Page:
The full investment of every dollar according to your desired asset allocation means that your money is getting absolutely the most value possible out of investing.
Betterment customers' trades and resulting positions can be fractional—down to 1/1,000,000th of a share.
Investing builds wealth. Holding cash doesn’t. While this is a radical simplification, it reflects a core investing principle: Over the long term, the more you have in the market, the more opportunity you have to earn returns.
Or, to put it another way: if you’ve allocated money for investment, then all of that money should always be invested, precisely in the way that you intend. At Betterment, we use fractional shares to make this happen. But in some investment services, that’s not the case. Some of your money may be sitting on the side, uninvested, and not working for you.
Let’s look at why that is, and how our consistent use of fractional shares puts you and your money in a more advantageous position.
Never leave money out of the market
As you may know, trading on an exchange can only happen in whole shares, which is why many investing platforms only allow you to trade whole shares.
But this is not really an efficient way to do things. For example, imagine that you have a portfolio with 12 ETFs, and one share of each ETF costs $100. Now you make a $90 deposit (or your ETFs pay a total of $90 of dividends). With a platform that only uses whole shares, you cannot use any of that cash—read: zero dollars—to add to your investments because it’s not enough to buy a single share of anything. So that 90 bucks will just remain uninvested, waiting for additional cash, before you can buy even a single share.
As deposits and dividends flow through this account over time, it will always have some amount of pesky cash remainder sitting there. This is sub-optimal investing and a wasted opportunity over the years.
Technology means less waste
As efficiency junkies at Betterment, we can’t stand the thought of even a penny sitting on the sidelines not earning returns. Inefficiency is our enemy. That’s why, when we launched our service in 2010, we put a lot of work into supporting fractional shares.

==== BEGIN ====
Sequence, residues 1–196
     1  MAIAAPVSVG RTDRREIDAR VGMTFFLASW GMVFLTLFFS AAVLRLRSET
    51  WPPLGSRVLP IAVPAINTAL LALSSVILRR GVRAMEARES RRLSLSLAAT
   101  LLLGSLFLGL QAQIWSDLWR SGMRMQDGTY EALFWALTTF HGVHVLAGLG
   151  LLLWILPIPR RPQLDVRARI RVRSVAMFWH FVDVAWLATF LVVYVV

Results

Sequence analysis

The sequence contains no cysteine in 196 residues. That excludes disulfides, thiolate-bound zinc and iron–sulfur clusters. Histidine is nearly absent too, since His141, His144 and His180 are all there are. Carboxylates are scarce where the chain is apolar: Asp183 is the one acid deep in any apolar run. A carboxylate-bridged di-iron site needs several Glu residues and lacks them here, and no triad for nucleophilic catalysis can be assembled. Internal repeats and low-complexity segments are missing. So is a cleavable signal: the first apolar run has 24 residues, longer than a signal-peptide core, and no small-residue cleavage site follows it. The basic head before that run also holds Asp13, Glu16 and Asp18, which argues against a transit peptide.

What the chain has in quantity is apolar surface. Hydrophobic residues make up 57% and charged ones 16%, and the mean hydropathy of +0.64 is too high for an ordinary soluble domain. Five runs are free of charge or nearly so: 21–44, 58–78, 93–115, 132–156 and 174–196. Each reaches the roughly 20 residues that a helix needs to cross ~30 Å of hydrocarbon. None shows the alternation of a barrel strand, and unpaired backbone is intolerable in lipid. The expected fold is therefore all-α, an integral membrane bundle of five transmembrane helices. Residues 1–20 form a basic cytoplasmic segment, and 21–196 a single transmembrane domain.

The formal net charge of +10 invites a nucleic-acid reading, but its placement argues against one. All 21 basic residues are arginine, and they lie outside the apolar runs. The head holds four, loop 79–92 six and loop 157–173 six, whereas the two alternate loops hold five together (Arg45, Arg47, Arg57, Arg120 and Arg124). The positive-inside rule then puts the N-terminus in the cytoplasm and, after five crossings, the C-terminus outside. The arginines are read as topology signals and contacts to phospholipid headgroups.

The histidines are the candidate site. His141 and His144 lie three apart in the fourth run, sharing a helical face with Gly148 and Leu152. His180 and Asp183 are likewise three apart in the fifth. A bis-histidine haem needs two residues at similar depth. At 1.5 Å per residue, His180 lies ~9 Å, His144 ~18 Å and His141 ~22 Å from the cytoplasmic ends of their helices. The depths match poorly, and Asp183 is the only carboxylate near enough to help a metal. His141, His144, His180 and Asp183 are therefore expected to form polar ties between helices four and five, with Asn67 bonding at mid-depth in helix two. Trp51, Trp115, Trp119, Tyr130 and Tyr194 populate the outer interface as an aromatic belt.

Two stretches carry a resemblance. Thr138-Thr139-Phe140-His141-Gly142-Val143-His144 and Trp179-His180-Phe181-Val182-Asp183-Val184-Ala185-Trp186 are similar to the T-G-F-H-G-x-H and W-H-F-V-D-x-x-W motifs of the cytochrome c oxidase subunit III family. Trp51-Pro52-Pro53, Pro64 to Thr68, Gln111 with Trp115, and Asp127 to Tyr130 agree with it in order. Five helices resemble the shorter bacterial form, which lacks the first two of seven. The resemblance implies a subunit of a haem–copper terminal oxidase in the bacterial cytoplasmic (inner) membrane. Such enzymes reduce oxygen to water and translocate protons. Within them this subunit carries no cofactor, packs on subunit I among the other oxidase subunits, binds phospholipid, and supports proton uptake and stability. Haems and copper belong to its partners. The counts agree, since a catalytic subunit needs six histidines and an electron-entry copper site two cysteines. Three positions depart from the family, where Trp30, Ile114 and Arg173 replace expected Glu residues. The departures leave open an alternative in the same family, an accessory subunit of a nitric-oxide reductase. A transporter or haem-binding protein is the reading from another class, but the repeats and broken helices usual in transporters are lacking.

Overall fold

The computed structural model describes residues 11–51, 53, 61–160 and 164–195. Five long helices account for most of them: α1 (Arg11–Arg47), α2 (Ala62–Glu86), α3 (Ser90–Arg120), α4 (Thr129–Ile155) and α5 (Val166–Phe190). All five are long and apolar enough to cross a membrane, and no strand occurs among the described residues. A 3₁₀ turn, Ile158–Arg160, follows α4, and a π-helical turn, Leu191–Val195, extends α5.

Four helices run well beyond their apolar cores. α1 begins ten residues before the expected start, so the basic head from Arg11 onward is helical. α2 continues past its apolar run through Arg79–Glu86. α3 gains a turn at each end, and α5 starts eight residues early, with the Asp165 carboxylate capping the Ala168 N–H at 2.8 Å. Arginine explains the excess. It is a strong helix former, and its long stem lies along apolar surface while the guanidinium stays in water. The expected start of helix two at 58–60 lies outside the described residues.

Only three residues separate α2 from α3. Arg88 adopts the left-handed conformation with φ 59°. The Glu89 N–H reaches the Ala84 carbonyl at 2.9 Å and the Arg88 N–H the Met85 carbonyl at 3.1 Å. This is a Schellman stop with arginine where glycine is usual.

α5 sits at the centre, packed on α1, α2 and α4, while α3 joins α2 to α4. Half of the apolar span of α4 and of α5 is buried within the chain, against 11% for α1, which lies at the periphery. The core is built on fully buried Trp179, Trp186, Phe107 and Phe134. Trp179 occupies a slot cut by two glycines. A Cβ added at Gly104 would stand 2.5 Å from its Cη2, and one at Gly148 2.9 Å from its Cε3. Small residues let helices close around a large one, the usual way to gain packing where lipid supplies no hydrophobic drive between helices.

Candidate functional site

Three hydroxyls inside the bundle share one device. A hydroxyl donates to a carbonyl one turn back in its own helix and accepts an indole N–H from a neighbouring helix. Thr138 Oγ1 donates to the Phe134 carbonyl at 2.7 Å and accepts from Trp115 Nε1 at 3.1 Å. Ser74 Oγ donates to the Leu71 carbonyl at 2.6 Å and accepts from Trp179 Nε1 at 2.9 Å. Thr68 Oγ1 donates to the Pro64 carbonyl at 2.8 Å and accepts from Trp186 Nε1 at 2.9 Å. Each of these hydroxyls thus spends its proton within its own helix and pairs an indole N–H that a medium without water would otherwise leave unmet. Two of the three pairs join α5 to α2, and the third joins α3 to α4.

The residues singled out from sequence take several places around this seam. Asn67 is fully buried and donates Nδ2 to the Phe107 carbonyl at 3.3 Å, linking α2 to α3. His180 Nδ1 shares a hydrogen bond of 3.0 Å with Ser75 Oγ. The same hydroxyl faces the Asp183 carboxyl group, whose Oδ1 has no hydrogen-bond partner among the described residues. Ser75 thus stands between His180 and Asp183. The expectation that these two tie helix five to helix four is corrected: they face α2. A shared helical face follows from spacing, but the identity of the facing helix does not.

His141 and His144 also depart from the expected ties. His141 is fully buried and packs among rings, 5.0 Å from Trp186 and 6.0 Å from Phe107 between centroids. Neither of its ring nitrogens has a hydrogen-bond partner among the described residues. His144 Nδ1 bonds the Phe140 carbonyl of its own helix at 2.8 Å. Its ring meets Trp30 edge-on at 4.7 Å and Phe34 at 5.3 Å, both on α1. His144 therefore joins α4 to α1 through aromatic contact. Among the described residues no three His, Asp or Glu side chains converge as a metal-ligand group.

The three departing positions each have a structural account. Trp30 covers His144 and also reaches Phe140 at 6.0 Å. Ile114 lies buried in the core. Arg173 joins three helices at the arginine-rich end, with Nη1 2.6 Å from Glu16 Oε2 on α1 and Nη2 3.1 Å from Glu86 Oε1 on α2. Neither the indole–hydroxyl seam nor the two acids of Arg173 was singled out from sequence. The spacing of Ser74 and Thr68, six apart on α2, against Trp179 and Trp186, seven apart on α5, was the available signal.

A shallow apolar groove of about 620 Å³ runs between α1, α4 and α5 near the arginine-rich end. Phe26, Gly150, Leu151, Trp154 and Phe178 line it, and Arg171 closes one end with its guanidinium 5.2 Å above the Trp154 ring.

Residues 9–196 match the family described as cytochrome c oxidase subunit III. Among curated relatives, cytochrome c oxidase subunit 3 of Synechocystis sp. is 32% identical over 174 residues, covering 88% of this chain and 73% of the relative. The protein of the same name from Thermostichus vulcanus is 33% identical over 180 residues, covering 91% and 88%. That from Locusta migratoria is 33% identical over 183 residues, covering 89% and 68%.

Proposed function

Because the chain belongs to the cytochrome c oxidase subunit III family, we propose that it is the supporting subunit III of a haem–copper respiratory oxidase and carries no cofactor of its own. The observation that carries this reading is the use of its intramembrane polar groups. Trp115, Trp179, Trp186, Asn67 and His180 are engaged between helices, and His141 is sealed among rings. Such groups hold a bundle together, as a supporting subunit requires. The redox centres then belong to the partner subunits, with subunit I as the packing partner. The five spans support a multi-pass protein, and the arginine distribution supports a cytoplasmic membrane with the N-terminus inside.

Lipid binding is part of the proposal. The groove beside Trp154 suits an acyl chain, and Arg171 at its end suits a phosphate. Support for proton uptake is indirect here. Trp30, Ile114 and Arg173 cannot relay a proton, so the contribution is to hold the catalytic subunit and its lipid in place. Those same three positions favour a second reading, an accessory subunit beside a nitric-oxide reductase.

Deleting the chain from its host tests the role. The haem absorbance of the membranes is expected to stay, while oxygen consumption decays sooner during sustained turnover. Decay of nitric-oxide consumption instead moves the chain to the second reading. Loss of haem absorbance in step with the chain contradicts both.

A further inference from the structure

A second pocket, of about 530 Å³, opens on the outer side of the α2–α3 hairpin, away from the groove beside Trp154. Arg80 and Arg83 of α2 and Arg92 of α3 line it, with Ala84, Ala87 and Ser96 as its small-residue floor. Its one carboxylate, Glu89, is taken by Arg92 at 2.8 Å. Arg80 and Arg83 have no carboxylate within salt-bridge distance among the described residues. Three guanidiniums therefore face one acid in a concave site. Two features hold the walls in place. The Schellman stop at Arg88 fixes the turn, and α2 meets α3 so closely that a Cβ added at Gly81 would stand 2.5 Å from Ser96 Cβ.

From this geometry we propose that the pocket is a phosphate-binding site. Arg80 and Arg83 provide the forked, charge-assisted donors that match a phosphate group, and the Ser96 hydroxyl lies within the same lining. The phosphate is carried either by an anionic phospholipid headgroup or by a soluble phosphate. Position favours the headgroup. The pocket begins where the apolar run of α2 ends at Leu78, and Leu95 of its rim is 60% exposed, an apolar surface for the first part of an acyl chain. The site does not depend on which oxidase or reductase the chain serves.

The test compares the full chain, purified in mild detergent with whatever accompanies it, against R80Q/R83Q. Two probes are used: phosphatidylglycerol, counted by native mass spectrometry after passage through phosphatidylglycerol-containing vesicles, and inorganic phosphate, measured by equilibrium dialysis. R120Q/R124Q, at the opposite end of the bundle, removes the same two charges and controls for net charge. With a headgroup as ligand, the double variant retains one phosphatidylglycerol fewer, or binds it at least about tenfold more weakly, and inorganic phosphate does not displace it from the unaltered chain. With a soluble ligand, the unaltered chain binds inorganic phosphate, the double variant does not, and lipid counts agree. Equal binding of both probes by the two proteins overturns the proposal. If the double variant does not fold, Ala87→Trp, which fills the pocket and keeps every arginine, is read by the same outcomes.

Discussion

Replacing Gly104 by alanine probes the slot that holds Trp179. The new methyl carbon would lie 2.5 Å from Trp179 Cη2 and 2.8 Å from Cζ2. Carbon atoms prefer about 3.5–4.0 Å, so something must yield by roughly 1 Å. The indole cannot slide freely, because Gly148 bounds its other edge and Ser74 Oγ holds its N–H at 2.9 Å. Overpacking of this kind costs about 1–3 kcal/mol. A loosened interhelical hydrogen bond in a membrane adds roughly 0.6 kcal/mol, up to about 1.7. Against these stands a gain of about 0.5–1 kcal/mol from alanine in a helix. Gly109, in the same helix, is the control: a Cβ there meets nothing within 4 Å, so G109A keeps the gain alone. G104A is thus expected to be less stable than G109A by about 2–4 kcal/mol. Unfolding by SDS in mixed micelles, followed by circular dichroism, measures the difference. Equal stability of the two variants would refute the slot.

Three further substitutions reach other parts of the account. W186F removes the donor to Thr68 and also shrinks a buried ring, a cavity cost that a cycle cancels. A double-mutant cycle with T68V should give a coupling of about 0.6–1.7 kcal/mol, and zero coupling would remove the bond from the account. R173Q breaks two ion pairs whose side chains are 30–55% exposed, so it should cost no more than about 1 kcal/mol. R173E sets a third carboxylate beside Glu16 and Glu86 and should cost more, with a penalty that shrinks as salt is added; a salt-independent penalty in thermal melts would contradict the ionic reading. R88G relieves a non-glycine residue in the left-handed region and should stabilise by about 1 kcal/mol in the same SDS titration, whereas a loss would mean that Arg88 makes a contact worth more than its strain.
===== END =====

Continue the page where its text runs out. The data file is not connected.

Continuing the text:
The full investment of every dollar according to your desired asset allocation means that your money is getting absolutely the most value possible out of investing. This is part of our thoughtful application of technology.
Down to 1/1,000,000th of a share
You can’t go to market and buy or sell fractional shares. However, a Betterment customer’s trades and resulting positions can be fractional—down to 1/1,000,000th of a share—putting every dollar to work while allowing every investing goal to be perfectly diversified according to its target allocation. This is part of Betterment’s unique sophistication.
In practice, it also makes our service equal opportunity for all investors. It means an investor with a $2,500 account receives the same diversification benefit as one with a $2.5 million account (and we don’t require a minimum balance). And every investor has the benefit of automatic, perfectly allocated dividend reinvestment, with no odd amounts just being wasted in cash.
How it works
To see how fractional shares look in a real-life example, here’s how $100,000 is actually invested at a 70% stock allocation in our portfolio.
|Ticker||Price per share (from 10/31)||Percentage in 70% stock portfolio||Dollar value in $100,000 portfolio||How many shares required?|
Note: For clarity in the table, we’ve rounded to three decimal places, but our algorithms trade to six decimal places.
What does our fractional share platform mean for you?
- You are more likely to reach your goals faster because all the money you have available for investment is always working for you. If you want to invest $100,000 that’s what we do. Not $99,987 or other smaller amount.
- You choose exactly how much to invest; we do all the math for you. You never have to think about the cost of any individual asset when you make deposits or withdrawals from your portfolio.
- Your goals are properly diversified on an ongoing basis. We’ve already discussed how Betterment strategically uses your cash flows (dividends, deposits) to rebalance your goals, keeping your tax bill low by minimizing the need to rebalance by selling. Betterment’s trading algorithms work with six decimal points of precision, using all incoming funds (even odd amounts like dividends) to shore up any imbalances in your positions, no matter how tiny.
And if you have an investment account with leftover cash just sitting there, ask yourself: If I didn’t want that money invested, why would I have put it there in the first place?
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